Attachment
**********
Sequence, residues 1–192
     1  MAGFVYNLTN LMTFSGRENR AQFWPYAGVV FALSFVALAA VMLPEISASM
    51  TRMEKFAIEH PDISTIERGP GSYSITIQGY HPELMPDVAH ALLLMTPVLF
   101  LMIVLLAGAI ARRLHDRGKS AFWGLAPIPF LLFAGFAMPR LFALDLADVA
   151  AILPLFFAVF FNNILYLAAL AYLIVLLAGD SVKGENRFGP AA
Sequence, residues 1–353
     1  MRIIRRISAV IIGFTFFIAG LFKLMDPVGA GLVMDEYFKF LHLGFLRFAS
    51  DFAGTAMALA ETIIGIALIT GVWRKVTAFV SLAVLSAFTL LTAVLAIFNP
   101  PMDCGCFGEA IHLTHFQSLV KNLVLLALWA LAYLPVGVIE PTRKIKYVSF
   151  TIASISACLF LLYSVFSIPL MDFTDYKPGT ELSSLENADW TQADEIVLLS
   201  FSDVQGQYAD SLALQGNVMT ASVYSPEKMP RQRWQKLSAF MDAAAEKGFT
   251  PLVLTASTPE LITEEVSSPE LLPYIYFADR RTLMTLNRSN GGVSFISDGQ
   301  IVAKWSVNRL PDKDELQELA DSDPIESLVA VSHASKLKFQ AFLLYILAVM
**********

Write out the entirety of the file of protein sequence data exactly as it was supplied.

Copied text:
Sequence, residues 1–192
     1  MAGFVYNLTN LMTFSGRENR AQFWPYAGVV FALSFVALAA VMLPEISASM
    51  TRMEKFAIEH PDISTIERGP GSYSITIQGY HPELMPDVAH ALLLMTPVLF
   101  LMIVLLAGAI ARRLHDRGKS AFWGLAPIPF LLFAGFAMPR LFALDLADVA
   151  AILPLFFAVF FNNILYLAAL AYLIVLLAGD SVKGENRFGP AA
Sequence, residues 1–353
     1  MRIIRRISAV IIGFTFFIAG LFKLMDPVGA GLVMDEYFKF LHLGFLRFAS
    51  DFAGTAMALA ETIIGIALIT GVWRKVTAFV SLAVLSAFTL LTAVLAIFNP
   101  PMDCGCFGEA IHLTHFQSLV KNLVLLALWA LAYLPVGVIE PTRKIKYVSF
   151  TIASISACLF LLYSVFSIPL MDFTDYKPGT ELSSLENADW TQADEIVLLS
   201  FSDVQGQYAD SLALQGNVMT ASVYSPEKMP RQRWQKLSAF MDAAAEKGFT
   251  PLVLTASTPE LITEEVSSPE LLPYIYFADR RTLMTLNRSN GGVSFISDGQ
   301  IVAKWSVNRL PDKDELQELA DSDPIESLVA VSHASKLKFQ AFLLYILAVM